• Examining Finance Bills and other tax legislation for provisions which may adversely affect the low-income population, providing briefings on the legislation’s effect on this group and proposing alternatives.
     
  • Monitoring operational developments within HMRC, DWP and other related government departments which may affect those on low incomes.
     
  • Encouraging people to feed to us their day-to-day experiences of the tax and related benefit system.
     
  • Sitting on numerous tax and benefit consultative groups and putting forward the perspective of those who cannot afford to pay for advice.
     
  • Promoting the work of the separate tax charities via the Bridge the Gap campaign and encouraging professional tax advisers to give their time pro bono to such charities; we have supported TaxAid, the first of the specialist charities; and we set up Tax Help for Older People which provides specialist help to low-income pensioners.

Whom we try to help

We have identified five groups of the population who we believe have the greatest need of additional help. We have no strict definition of ‘low income’. Instead, we tend to consider issues more in relation to people’s means and the extent to which they might not be able to afford professional advice. The five groups are: 

We also provide information tailored to groups who may not fall within the definition of low income but whose tax and tax credit affairs follow a particular pattern. These groups include parents and others using childcare support or claiming child benefit.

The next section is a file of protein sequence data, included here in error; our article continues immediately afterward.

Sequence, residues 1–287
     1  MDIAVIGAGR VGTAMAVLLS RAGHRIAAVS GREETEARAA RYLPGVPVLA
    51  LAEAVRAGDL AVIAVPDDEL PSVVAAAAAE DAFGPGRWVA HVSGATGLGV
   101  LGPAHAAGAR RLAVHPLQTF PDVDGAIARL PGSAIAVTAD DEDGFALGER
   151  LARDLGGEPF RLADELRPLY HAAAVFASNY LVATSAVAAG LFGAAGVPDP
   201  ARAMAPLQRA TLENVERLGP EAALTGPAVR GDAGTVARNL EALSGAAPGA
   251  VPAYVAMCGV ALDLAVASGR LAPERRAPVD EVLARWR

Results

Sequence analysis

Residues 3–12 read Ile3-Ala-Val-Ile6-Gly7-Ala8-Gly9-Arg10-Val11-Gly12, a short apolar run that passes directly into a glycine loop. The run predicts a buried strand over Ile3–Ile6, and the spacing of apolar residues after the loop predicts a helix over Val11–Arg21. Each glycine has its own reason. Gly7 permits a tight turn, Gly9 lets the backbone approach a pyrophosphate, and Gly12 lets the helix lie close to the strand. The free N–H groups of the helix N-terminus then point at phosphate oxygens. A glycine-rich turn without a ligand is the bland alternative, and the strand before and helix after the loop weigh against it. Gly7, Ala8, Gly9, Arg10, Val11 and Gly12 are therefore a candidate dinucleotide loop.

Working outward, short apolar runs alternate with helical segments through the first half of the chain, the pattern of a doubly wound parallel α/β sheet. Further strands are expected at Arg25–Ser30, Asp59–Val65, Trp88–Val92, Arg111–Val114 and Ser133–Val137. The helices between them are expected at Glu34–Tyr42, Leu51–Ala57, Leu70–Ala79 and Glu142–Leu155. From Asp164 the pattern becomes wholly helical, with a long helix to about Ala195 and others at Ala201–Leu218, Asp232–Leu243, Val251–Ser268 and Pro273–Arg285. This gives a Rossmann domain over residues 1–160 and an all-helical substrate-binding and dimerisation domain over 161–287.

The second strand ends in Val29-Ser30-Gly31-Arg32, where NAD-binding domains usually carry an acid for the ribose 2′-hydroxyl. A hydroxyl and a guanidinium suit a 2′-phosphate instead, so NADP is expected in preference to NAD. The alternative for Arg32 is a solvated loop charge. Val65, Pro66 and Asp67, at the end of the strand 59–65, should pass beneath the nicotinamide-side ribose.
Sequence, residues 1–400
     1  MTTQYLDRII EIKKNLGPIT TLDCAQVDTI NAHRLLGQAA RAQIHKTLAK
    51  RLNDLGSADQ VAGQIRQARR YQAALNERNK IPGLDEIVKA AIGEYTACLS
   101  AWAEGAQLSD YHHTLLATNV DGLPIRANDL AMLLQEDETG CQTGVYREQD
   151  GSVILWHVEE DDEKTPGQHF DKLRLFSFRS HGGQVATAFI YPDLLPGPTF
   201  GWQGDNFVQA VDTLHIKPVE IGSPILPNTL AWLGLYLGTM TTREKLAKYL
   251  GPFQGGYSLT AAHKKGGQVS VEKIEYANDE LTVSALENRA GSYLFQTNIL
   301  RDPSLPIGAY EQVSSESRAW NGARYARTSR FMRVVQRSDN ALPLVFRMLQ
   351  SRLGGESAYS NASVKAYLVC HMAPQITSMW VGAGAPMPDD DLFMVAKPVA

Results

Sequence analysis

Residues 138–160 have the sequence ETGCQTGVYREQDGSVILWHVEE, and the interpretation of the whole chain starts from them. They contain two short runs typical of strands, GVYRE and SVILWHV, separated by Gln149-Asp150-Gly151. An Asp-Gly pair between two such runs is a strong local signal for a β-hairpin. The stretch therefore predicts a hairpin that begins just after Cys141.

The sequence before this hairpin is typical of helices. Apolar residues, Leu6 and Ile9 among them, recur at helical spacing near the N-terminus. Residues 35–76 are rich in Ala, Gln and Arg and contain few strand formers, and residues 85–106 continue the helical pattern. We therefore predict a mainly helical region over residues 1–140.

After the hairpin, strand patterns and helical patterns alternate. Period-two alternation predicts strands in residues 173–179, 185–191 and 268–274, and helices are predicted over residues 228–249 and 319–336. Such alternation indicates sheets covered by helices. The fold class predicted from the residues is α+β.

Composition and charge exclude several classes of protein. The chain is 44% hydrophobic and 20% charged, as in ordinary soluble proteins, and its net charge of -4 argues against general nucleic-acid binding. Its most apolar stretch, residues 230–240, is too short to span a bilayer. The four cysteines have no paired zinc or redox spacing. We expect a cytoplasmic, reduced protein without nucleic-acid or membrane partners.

We do not generally provide help directly to individuals but we try and point people to where they can best help themselves. For information on where to go for official tax guidance, or individual advice or assistance please see our Getting help page. You can however get in touch to tell us about your experiences of the tax system through our Contact page.

What help can you expect to find on our main LITRG website?

We do not try to provide complete help for every visitor on our website. Bearing in mind that we believe it is a government’s responsibility to provide the citizen with an adequate explanation of its laws and processes, much of our information is provided to supplement the government information. We will also point you to their material where it might be of interest or help to you. 

Additionally, it should be noted that this website is aimed at people on low incomes and mainly covers areas of the system that we consider may be most relevant to them. If we cover an area, then we will try our utmost to ensure our material is as accurate and thorough as possible. However, users of our guidance should be aware that not all areas of the system are covered and this website should therefore not be taken to reflect the entirety of tax law. 

The UK left the European Union (EU) on 31 January 2020 and entered a transitional period, currently due to end on 31 December 2020, during which EU law continues to apply in the UK. The UK’s relationship with the EU beyond the end of the transitional period has not yet been finalised. Please note that our website guidance reflects the law as it applied before the UK’s departure from the EU, and as it will continue to apply throughout the transitional period. While we will do our best to update it as and when things are more certain, we must stress the need to take advice relating to your own circumstances.

For more information about the limitations of this site and data protection (including our use of cookies) please see our Legal page.